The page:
The Portland Police Bureau's error in supplying the Citizen Review Committee with the wrong set of protocols may have influenced its decision to exonerate one of the bureau’s officers.
The officer was accused of using excessive force in 2014 when he used a Taser multiple times on Matthew Klug, a Portland man with epilepsy, a traumatic brain injury and diagnosed mental illness. Read more about Klug’s complaint and watch a video of the incident here.
The version of the rules the bureau gave to the committee to use in its decision making process was in effect from 2009 through 2013. A different version was in effect for the duration of 2014.
A list of all the dates these rules governing stun gun use have changed are easily accessible on the bureau’s website.
Had the bureau given the volunteer oversight board the correct version, it may have affected the committee’s decision to exonerate.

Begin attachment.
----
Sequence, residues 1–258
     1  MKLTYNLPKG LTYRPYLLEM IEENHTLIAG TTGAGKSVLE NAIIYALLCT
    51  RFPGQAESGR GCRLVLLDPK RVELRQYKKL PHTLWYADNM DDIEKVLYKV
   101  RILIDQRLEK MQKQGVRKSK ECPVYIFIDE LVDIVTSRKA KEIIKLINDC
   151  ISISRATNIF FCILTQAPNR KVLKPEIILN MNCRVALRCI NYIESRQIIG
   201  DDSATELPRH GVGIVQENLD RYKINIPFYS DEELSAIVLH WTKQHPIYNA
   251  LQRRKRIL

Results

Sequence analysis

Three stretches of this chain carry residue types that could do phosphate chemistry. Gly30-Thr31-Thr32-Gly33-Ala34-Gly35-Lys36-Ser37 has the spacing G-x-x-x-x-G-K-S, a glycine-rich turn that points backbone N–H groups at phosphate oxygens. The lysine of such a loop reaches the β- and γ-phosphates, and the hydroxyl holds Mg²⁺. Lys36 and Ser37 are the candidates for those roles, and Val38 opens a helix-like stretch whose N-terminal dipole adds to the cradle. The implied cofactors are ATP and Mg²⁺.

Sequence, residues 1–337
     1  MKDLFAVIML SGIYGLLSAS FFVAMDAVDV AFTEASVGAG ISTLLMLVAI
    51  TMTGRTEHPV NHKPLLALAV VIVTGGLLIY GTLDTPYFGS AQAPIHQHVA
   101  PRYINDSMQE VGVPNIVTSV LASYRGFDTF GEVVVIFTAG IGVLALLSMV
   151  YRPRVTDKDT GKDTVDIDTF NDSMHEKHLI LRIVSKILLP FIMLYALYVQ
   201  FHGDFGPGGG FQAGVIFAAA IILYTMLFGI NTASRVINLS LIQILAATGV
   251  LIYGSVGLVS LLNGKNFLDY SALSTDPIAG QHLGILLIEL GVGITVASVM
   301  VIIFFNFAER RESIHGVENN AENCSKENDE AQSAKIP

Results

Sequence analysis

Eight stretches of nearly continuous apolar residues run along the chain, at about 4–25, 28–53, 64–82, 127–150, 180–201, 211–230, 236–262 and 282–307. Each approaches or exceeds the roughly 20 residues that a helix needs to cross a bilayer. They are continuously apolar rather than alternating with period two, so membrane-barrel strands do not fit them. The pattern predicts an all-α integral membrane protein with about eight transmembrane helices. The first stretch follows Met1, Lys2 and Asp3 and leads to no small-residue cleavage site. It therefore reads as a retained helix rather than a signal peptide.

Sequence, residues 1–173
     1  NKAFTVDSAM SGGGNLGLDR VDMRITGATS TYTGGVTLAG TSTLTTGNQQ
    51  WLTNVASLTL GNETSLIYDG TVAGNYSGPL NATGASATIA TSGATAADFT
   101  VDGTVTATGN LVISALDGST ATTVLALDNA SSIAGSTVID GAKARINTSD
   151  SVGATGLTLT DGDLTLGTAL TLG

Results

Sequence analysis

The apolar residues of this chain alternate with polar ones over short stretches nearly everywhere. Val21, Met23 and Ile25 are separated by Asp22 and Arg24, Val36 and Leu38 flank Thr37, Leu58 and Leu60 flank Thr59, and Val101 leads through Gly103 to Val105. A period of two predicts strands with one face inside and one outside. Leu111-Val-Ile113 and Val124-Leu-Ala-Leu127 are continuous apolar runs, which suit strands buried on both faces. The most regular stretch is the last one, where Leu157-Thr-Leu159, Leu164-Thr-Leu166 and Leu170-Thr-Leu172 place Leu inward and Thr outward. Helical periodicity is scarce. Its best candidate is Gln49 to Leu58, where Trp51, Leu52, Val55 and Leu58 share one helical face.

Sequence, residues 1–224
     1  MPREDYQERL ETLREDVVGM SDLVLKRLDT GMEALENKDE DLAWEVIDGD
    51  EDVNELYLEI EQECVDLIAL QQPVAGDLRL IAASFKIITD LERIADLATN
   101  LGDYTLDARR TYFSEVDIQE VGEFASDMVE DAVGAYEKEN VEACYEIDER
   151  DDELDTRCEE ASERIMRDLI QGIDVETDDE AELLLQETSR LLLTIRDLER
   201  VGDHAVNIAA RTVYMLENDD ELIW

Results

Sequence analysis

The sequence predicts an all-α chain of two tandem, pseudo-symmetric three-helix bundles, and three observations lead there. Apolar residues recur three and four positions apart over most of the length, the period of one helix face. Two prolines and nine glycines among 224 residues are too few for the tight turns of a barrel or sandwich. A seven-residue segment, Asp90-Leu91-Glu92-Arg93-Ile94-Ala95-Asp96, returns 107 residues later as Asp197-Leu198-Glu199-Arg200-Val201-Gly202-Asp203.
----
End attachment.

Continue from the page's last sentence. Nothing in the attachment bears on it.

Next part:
The most relevant difference between the two different versions of the directive was a change to an item listed below "Prohibited Use of the Taser."
Language that protects suspects in Klug's position – on the ground under multiple officers – from Taser usage was not in the outdated version that police gave the committee, but it was in effect at the time Klug was Tased.
Language was also changed to indicate that a struggling suspect was not reason enough to deploy a Taser. New language indicated the suspect had to pose “substantial risk of injury.”
It will be up to the Citizen Review Committee to decide if these differences in policy will affect its previous decision to exonerate.
There will be a recruitment information session for citizens interested in joining the oversight committee, which currently has one vacancy, at 5:30 p.m. on May 25 in the Rose Room at Portland City Hall.